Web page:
I lied to my friend


He was once my closest friend. We met in our first year at university, and ended up living together for the whole time we were there. In our third year, we had this little apartment overlooking the seafront and I have loads of wonderful memories of the fun we had there. We did everything together, and shared all our secrets.

When I married my wife, there was no doubt that he would be my best man. I thought he would be my best friend for life. But the person I am today is not the person who was in that friendship. We had a lot of adventures together, but they were mostly adolescent and hedonistic – as befitted the time in our lives.

That time of heavy drinking, drug taking and one-night-stands was exciting and fun, and on the whole I don’t regret it. But it isn’t where I’m at today. I’ve grown. I’ve settled down. I’ve had to work on myself because I couldn’t keep using all those things to escape from the reality of my life. My friend knows all of this, but it’s like he doesn’t want to absorb it.

He doesn’t take this on board because he hasn’t changed. He really hasn’t changed at all. He’s still the same crazy, reckless guy I had all that fun with back then. And now we can’t relate to one another anymore. Since my breakdown, I’ve been on this long, painful, massively significant journey, and he doesn’t really want to know about that. He still ignores the fact that I’m working at sobriety and brings me a bottle of Scotch when he visits.

Those visits are few and far between, because he now lives on the other side of the world. But I still feel crappy about the last time I saw him, over six months ago. I feel like I must be incredibly boring to him now, and like we barely know each other anymore. He isn’t interested in my recovery, and I don’t want to hear about his wild, drunken escapades, so there’s nothing connecting our lives anymore. I felt like his last visit with me must have been a chore to him, and I don’t want to be a chore.

So when he told me he’d be in the UK for Christmas, I didn’t know what to do. I knew I didn’t want to see him and go through all those horrible feelings again. But I couldn’t tell him that. I go every week to a CoDA fellowship, where we focus on authentic relationships and communication, so I knew this was ‘bad’ recovery, but I lied anyway. I made excuse after excuse while he suggested date after date. Maybe that’s because I don’t want to upset him, but I think it’s also because I don’t want to really admit to myself that this friendship is dead. That feels too sad, like such a big loss.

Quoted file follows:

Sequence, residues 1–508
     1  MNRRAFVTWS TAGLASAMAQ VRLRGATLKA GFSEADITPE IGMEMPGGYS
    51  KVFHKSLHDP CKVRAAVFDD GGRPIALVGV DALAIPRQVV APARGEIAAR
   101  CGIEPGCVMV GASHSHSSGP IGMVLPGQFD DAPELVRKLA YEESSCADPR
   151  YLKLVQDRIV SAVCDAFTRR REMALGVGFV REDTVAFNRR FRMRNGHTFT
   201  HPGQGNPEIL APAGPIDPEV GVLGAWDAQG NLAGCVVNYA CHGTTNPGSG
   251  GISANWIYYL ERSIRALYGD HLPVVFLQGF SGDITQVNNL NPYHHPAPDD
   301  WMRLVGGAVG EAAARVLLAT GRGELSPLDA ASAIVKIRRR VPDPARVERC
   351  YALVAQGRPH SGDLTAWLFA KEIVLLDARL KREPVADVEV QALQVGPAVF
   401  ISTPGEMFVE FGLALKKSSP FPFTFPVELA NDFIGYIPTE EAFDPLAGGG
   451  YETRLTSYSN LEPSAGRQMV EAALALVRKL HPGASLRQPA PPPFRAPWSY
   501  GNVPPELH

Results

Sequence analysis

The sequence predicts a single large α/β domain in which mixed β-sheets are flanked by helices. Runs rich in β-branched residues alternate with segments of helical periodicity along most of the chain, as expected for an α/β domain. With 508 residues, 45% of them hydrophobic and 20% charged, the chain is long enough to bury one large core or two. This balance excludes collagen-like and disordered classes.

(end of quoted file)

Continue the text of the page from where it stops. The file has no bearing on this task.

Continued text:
At the same time, I am jaded when it comes to pushing myself to be authentic. I tried that with my sister just before Christmas, and she was harsh and distant and selfish in response. That risk backfired and basically resulted in me feeling resentful toward her and despairing about the future of our relationship. I laid it all out there, and she ignored my honesty about how I feel and chose to effectively punish me for not behaving how she wanted me to.

Then there’s the crap I went through with the eating disorders clinic. Telling them everything about myself, answering all their humiliating questions, and being sent away and told they won’t help me.

Being open with people, telling them my truth, taking those risks that feel so massive – right now I am not sure it’s how I want to live. It is so much bloody hard work, it’s painful, and most of the time it seems to get me nowhere. I’m ashamed of the lie I told my friend. I’m really sad that I lied to someone I once had a very real relationship with. But I also just don’t have the energy to handle things in a better way.


13 Comments Add yours

  1. bravingmentalillness says:

    I hear you. I’ve been there, but I think toxic influences whether people, and places don’t have a face nor are they worth sacrificing my wellbeing. The truth hurts, but it’s the best. 😉 good luck

    Liked by 1 person

  2. Leo says:

    If you want my honest opinion, a true friend is there through the pain and the laughter. I have been blessed to have friends that I can cry with, and share my darkest fears and passions, otherwise there is no point. Why hide that side of yourself? A real friend would embrace your growth as a person and help you be better even if they don’t know how to be yet. Not drag you down. Maybe he will become that one day. You deserve it.

    Liked by 1 person

  3. Me says: